With the creation of the world’s largest marine reserve, and nations’ continued efforts to maintain their own conservations, issues of law enforcement arise. While mining is stoppable because installations are obvious to spot, illegal “pirate” fishing is not.
“Agreements won’t matter if no one is enforcing them,” U.S. Secretary of State John Kerry said in 2014 after the creation of the Pacific Remote Islands Marine National Monument.
About 20 percent of the world’s fish are caught illegally, studies by the Pew Research Center have found. To stop illegal fishing, the Obama administration has proposed a range of methods: improving the transparency of countries’ seafood supply chains, increasing inspections and implementing technology such as sonar and camera buoys that would inform law enforcement where there is “pirate” fishing.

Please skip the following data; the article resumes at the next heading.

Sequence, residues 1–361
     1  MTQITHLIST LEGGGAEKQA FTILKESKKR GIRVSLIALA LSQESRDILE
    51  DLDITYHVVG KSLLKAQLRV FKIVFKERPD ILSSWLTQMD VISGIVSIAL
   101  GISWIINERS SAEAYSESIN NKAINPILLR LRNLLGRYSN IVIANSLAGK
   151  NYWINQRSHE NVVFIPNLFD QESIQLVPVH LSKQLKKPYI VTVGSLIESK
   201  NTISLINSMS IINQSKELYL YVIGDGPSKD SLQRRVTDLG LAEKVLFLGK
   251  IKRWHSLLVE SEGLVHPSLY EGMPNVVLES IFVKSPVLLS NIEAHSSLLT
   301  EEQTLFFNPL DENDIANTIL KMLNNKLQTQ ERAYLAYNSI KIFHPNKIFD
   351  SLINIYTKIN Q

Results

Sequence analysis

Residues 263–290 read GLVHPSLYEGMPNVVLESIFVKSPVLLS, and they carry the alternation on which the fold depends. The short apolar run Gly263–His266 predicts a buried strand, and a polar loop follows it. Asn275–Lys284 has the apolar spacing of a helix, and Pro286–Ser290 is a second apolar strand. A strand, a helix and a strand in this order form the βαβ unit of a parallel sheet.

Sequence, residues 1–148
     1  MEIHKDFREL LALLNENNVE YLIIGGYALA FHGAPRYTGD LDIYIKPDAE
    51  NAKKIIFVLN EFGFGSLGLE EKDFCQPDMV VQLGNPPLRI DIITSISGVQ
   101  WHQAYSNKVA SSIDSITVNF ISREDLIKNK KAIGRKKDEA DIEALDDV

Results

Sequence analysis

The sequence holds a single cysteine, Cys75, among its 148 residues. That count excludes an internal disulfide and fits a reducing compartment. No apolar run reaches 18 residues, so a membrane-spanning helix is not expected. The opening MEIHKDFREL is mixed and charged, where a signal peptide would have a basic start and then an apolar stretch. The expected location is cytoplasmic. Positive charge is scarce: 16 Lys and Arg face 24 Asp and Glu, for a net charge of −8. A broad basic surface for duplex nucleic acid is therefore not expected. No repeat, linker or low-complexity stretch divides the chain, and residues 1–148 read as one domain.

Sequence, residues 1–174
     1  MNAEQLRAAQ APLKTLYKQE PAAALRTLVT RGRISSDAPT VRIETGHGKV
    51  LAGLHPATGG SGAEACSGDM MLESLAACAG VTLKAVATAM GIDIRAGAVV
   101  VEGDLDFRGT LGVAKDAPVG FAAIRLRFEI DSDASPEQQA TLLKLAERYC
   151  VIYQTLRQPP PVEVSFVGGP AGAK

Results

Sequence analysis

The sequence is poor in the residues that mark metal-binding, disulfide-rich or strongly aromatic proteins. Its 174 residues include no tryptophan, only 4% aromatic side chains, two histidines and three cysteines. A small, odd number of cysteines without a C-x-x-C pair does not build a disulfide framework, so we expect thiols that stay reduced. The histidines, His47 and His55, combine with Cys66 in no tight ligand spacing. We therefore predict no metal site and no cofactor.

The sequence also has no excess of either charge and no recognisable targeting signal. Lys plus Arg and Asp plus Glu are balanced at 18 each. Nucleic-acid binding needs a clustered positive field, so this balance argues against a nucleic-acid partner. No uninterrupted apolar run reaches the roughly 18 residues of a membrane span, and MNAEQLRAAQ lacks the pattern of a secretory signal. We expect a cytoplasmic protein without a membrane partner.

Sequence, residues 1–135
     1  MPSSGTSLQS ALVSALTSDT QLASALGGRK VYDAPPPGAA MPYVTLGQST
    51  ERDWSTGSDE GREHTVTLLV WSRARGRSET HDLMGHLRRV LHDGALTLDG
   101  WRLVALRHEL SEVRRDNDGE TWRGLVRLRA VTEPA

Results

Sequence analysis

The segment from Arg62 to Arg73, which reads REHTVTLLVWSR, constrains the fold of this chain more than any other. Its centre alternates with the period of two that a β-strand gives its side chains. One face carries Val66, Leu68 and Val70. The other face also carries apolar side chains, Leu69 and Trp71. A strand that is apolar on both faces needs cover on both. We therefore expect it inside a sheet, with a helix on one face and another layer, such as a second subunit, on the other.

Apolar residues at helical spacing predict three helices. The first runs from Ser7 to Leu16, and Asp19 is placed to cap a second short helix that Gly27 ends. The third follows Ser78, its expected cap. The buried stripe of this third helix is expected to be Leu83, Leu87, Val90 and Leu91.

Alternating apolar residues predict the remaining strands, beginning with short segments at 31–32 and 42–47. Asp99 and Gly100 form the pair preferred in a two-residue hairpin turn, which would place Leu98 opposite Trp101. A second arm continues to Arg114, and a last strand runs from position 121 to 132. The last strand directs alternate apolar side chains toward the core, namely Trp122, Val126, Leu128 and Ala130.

Overfishing, over-mining and other activities that take a toll on ecosystems will continue across the planet for the foreseeable future.
“The ocean as we know today is a product of Earth’s long history,” Kenshu Shimada, professor of paleobiology and biological sciences at DePaul, said. “This new international agreement is indeed a remarkable step to help preserving the marine ecosystem.”
“However,” Shimada said, “because Antarctica’s Ross Sea is just a small portion of the global oceanic mass, protection of organismal diversity on a global scale would also require creating large protected areas in temperate and tropical regions.”